That must surely have been a horrifying experience. I’m glad he’s okay. It would be useful to spray Frank with an herbal insect repellent. I use “No More Bugs”, by Living Blessed. It has olive oil, citronella and pennyroyal.

    • katemcclafferty December 2, 2013 at 5:52 pm #

      that is a great piece of advice. Thank you so much! I really appreciate it…:)

  4. amelie88 December 2, 2013 at 6:00 pm #

    Awww! That must have been so scary for you (and for Frank!)! You acted really fast so he is going to be okay. It probably won’t be the last of health scares but now you know to keep Frank away from bees. My dog has survived so many things, we call him the dog with 9 lives: almost getting swept away when he decided to go into a stream with a very strong current as a puppy, eating chocolate and mice poison, eating rabbit poop (apparently this gave him Lyme’s disease, who knew??), eating carpet fibers (this was the scariest, we thought he was going to die), falling off our boat (this only happened a few months ago, I have NEVER reacted so fast and yanked him up by his collar up onto the dock since he fell between the back of our boat and the dock where there wasn’t much room and he hates water and has never been much of a swimmer), falling down an entire flight of stairs… it’s amazing how resilient they are!

    • katemcclafferty December 2, 2013 at 6:04 pm #

      You are making me feel better with all this!! I’m happy to know this stuff happens. I felt so bad that I didn’t protect him from that bee:( After this I honestly can’t imagine having kids! Must be so overwhelming:)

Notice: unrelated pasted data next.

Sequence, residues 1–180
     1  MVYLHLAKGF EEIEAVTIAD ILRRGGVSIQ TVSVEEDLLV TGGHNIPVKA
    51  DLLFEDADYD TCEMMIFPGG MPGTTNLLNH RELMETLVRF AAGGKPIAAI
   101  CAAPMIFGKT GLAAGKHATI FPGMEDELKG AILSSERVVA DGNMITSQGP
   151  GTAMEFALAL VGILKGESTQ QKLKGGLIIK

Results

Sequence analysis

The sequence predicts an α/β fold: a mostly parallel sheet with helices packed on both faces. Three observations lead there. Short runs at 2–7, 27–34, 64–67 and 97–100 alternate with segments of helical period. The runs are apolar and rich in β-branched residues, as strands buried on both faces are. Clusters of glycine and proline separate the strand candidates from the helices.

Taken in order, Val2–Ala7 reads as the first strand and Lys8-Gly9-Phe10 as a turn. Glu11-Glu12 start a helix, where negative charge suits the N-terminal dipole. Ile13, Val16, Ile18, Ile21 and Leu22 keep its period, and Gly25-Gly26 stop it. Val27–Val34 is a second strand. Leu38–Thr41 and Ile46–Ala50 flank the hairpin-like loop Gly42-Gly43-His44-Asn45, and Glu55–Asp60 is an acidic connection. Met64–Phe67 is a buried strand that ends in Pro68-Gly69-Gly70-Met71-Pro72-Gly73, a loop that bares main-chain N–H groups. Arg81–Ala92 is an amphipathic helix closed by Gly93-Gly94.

5. Rashelle December 3, 2013 at 7:24 am #

    I’m SO sorry you and Frank had to go through that. Anaphylactic shock is so very scary!! My dog, Sophie, tried to eat a bee when she was a puppy and had the same reaction, and like you I was lucky enough to be a short car ride from the vet. Almost 6 years later and I’m still paranoid about those things! If your vet hasn’t suggested it, ask them about assembling a bee sting kit you can have on hand. I carry injectable Benadryl (better than pills because it gets into their system faster and they can’t throw it up!) and Prednisone tablets just in case. A Junior EpiPen can also be an option, but not all vets will prescribe it, and it might not be the best course given Frank’s smaller size.

    • katemcclafferty December 3, 2013 at 8:32 am #

      Rashelle, thank you so much for all this info! The doc did mention having Benadryl on hand but didn’t specify form. Makes total sense to have it be injectable. Good point. I’m going to look into prednisone tablets and junior epi pen thanks to you! I really appreciate you sharing it with me. Glad Sophie is ok too:)

  6. hunting for bliss December 3, 2013 at 8:43 am #

    Poor little buddy! It’s so hard and scary to see one of our “kids” suffering like that! I’m glad he’s OK. Big hug for you!

  7. mylifeisthebestlife December 3, 2013 at 9:21 am #

    OMG that’s terrifying! I’m so glad that he’s going to be ok!

  8. Jen December 3, 2013 at 8:02 pm #

    Oh no! My dog Daisy, the-always-getting-into-trouble beagle, has had so many close calls. It’s one of the worst feelings in the world to know something is wrong and your dog can’t tell you what it is. Really glad everything worked out and Frank is going to be ok!

    • katemcclafferty December 3, 2013 at 8:06 pm #

      Thank you so much Jen. It was a really scary morning. As funny as this sounds…I didn’t realize how attached I was to him until this happened! I adore that little guy and the fact I didn’t now what was wrong with him felt horrible. Hope we never have to do that again. Thanks for your sweet words;)

  9. di @ life of di. December 6, 2013 at 12:06 pm #

    Oh no! Poor Frank! I’m glad he is doing better! We had a bit of a scare with our dog a few weeks ago and it really is such a scary feeling. They can’t tell you what’s wrong with them which makes it so much worse! 😦